Though there are many reasons why individuals attend yoga classes, lengthening and flexibility are some of the main reasons why people attend. This is great for those who take the time to slowly transition from pose to pose and who have an educated instructor who can lead them gracefully and mindfully through the practice. However, it is possible to shorten and tighten the muscles while practicing yoga! What?!? You say. Well, here is why…
Often times if one is just beginning their yoga journey there is a natural tendency to allow the ego to takeover. We try to push ourselves into poses to look more like the instructor or the other individuals in the room. We don’t listen to our bodies and we just try to force our bones and muscles into the shapes that we see rather than gradually allowing them to find their own expression of the pose. This not only can lead to injury if pushed too far but it can also lead to shortening of the muscles and therefore creating the opposite of flexibility and length.
Within our nervous system we have unconscious motor responses to sensory stimuli, another word for this is our reflexes of which there are multiple different types. One type of reflex that will cause our muscles to shorten is called the myotatic stretch reflex. The purpose of this reflex is to protect the body from impact and to absorb dynamic shocks. Think of when you jump down from a three foot vertical. When your feet hit the ground the myotatic stretch reflex prevents your posture from collapsing by flexing the muscle fibers in the legs to contract them and create “strength” to keep you stabilized. Well stimulating these myotatic stretch reflexes repetitively will shorten the muscles. Just as in weight-lifting where repetitive contraction will shorten the muscles.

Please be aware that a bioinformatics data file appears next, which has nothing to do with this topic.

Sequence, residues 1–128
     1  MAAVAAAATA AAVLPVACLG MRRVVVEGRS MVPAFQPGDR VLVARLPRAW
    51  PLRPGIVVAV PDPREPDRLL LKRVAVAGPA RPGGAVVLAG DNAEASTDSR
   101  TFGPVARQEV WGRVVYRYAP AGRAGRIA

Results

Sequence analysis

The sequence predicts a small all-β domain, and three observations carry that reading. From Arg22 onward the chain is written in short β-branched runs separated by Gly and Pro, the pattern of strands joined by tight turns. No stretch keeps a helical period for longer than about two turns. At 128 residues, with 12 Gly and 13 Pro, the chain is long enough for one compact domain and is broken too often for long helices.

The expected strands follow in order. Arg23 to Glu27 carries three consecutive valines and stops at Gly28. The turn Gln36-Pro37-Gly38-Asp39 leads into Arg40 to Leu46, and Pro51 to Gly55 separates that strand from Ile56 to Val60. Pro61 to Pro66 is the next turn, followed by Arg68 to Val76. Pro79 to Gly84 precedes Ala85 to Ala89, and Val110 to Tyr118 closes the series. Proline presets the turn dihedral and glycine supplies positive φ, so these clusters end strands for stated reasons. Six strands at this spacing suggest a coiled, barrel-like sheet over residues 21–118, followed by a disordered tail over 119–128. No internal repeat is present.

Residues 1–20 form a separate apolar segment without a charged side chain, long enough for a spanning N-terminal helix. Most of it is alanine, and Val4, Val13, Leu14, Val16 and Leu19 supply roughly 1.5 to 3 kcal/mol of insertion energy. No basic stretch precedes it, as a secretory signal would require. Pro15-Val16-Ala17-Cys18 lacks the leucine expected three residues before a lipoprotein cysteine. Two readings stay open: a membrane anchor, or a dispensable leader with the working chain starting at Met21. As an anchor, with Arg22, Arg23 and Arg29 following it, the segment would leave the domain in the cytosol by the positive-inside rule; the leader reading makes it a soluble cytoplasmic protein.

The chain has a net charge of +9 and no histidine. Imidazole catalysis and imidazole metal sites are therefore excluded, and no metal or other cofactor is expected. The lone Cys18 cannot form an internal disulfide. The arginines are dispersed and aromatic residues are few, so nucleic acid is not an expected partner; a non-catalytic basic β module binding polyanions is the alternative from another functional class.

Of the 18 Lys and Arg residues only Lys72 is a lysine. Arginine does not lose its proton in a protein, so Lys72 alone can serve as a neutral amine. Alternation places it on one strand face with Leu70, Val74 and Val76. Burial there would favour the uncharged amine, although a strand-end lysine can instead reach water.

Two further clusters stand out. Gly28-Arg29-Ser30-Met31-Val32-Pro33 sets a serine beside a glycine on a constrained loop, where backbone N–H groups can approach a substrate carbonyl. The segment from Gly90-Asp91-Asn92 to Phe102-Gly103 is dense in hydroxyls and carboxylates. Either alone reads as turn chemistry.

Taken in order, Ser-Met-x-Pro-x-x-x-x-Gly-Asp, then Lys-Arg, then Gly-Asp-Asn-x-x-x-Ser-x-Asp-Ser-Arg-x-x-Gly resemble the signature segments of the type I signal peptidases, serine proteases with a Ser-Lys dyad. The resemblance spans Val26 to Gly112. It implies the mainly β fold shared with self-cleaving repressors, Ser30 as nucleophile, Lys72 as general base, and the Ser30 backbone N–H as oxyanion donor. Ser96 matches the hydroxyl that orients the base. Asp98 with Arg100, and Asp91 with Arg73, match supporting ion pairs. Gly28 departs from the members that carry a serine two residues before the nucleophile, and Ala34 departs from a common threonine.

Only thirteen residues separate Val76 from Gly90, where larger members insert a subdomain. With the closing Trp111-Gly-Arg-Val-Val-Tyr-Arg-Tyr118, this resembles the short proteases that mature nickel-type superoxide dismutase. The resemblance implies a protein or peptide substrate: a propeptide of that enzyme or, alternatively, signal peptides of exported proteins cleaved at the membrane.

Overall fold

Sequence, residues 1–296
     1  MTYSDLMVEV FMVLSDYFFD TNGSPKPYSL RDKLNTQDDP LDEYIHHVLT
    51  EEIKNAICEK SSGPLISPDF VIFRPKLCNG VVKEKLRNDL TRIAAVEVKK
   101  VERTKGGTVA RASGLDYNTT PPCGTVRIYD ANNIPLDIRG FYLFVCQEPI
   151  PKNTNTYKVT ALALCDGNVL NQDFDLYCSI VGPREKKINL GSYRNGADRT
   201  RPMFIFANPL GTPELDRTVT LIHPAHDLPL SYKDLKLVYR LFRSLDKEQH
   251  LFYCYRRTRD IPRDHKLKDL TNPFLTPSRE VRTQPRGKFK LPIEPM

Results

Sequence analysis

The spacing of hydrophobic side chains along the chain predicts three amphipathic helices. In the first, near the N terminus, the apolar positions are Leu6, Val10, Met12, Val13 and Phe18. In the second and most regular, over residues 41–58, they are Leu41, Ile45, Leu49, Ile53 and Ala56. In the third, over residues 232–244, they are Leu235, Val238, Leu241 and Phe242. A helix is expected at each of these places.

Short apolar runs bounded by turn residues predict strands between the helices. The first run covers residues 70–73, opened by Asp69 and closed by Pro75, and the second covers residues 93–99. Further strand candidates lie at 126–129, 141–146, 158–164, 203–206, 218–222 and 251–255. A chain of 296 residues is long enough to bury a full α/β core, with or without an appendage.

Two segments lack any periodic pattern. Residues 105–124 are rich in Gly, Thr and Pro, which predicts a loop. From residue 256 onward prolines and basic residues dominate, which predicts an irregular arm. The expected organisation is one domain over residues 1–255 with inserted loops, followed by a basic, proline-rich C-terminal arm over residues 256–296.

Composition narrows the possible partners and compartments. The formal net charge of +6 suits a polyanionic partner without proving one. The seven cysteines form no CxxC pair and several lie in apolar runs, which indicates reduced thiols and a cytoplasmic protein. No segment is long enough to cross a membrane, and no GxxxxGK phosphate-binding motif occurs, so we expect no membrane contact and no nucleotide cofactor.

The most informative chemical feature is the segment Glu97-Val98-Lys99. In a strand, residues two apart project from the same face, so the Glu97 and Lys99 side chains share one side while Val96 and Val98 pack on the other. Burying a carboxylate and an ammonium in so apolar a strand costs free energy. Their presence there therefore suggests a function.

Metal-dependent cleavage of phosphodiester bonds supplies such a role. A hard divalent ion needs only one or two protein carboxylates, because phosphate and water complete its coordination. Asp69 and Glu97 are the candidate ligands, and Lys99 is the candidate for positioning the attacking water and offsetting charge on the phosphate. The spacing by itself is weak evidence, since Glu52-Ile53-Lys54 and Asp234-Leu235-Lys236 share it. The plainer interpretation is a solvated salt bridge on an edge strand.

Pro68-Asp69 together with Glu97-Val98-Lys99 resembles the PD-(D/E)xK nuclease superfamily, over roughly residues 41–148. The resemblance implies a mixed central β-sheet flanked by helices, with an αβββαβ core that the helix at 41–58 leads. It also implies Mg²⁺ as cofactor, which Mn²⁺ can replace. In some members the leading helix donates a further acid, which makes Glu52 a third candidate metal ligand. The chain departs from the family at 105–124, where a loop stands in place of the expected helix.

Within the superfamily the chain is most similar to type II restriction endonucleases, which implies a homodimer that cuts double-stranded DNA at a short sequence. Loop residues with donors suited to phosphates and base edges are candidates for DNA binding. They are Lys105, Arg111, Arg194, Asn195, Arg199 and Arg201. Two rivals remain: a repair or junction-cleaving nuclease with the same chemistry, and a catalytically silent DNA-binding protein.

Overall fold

Any dynamic movement in yoga activates this myotatic stretch reflex. Think jumping in and out of standing postures (i.e. plank to standing forward fold), rigid and bouncy sun salutations, or inconsistent movements through a yoga flow. All of these actions will stimulate the myotatic stretch reflex. So, how does one avoid it and ensure you are lengthening during yoga?
Well, for one, there is no way to completely avoid it and building strength is not a bad thing. When you are doing a warm up in class or moving through some transitions you will activate this reflex. However, if you wish to lengthen muscles and increase flexibility follow these guidelines:
1. Move slowly and intentionally in and out of each pose.
2. Set the breath and the intention at the beginning of your practice. Focus on lengthening the breath to at least 3-4 seconds on each inhale and 4-5 seconds on each exhale.
3. Use the breath to guide the movement. If you are moving one breath to one movement then it will naturally take you 3-5 seconds to move in and the out of each pose.
4. Don’t bounce in poses. When you are holding a pose such as a seated forward fold don’t bounce. Hold yourself steady and on every exhale just sink deeper into the pose.
5. Don’t push past the edge. Find that place in the pose where you feel sensation but never go to a place of pain. If you reach a place of pain your reflexes will notify the muscles to contract and you will be shortening the muscles rather than lengthening. This is something to be especially conscious of in poses like half pigeon pose.
By following these 5 simple pointers you are setting yourself up for length and flexibility. If you have any questions about the myotatic stretch reflex or anything else related to this post please do not hesitate to reach out to me. Leave me a message and I will get back to you soon.